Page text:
For South Ossetians, Bitterness Follows Attacks

By Peter Finn
Washington Post Foreign Service
Sunday, August 17, 2008

TSKHINVALI, Georgia, Aug. 16 -- The windows were blown out of the old synagogue here, and the wooden bimah splintered and partially collapsed. Shattered glass covered the floor, and parts of the ornately painted walls were ripped off.

But the old building held, and it protected 40 people who took shelter in its spacious basement as the neighborhood above them was reduced to rubble.

"Three days we were here, without water, without bread," said Zemsira Tiblova, 60. "We had 14 children with us."

"Unforgivable," said her husband, Georgi Bestaev. "It was inhuman to bomb us."

The war between Georgia and Russia was centered on this town of at most 10,000 people, and it cut a swath of destruction, severely damaging many homes and apartment buildings. Gaping holes scar five-story blocks of apartments, the detritus of what was once ordinary life blown onto shattered balconies.

In one neighborhood, along Telman Street, house after crumpled house was a scorched shell, bricks piled high in basements exposed to the sunlight. The area is about 200 yards from destroyed separatist government buildings in central Tskhinvali, an acknowledged target of Georgian forces.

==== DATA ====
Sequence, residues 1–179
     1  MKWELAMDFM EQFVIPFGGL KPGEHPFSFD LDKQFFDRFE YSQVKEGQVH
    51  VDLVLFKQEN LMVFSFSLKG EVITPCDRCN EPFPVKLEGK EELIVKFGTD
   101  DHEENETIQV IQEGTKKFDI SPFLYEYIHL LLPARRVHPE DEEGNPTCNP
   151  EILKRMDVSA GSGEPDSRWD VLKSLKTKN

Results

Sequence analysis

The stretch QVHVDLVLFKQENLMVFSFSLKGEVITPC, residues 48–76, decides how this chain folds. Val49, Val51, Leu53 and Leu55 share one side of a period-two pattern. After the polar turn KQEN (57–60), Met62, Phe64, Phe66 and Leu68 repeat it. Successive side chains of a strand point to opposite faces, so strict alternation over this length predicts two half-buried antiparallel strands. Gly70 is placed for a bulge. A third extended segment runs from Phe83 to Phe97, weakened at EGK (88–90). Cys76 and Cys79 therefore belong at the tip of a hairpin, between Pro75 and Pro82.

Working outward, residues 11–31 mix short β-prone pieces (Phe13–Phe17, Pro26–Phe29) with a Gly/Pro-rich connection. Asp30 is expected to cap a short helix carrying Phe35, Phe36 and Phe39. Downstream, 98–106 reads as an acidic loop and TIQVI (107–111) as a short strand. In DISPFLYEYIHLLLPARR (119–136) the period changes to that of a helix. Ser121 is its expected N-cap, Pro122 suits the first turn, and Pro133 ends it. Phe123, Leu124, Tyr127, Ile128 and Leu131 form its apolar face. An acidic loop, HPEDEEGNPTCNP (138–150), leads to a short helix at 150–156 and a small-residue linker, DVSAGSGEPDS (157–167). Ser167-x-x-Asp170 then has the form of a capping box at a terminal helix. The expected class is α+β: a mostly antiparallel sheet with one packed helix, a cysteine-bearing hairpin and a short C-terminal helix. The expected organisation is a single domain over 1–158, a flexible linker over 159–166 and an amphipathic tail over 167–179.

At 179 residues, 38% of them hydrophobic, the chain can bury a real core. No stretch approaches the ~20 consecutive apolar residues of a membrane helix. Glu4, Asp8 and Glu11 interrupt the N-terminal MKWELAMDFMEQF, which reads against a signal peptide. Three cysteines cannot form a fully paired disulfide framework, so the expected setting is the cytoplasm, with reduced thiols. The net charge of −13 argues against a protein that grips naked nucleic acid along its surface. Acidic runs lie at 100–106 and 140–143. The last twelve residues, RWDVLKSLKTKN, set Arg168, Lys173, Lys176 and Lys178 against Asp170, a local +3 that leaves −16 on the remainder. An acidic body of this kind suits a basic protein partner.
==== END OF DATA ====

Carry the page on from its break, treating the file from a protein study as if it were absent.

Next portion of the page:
A school, a library and a kindergarten were blackened and pockmarked from small-arms fire, as were the houses around them. And the city was strewn with the ruined armor of both Georgian and Russian forces.

At certain moments, in certain places, the smell of rotting corpses was in the air.

Here in Tskhinvali, there was no doubt that Georgia started the war with Russia and much bitterness about the rain of artillery and rockets that the government of President Mikheil Saakashvili used in its efforts to capture the city. The Georgian government said much of the destruction of Tskhinvali was caused by a Russian counteroffensive, but that argument carries no weight with residents here, some of them clearly traumatized.

People insist that a terrible barrage struck the city late Aug. 7 and continued into the morning -- accounts supported by Western monitors who were also forced into their cellars. Indeed, buildings used by the Organization for Security and Cooperation in Europe were damaged, one severely.

"Grad came and hit us," said Garik Gabayev, referring to the fearsome BM-21 multiple rocket system employed by Georgian forces. "Grad" is a word that has entered the vocabulary of this town, cited by one resident after another as they described what they experienced.

Gabayev sat outside Saturday afternoon, just down the street from his father-in-law's pancaked home.

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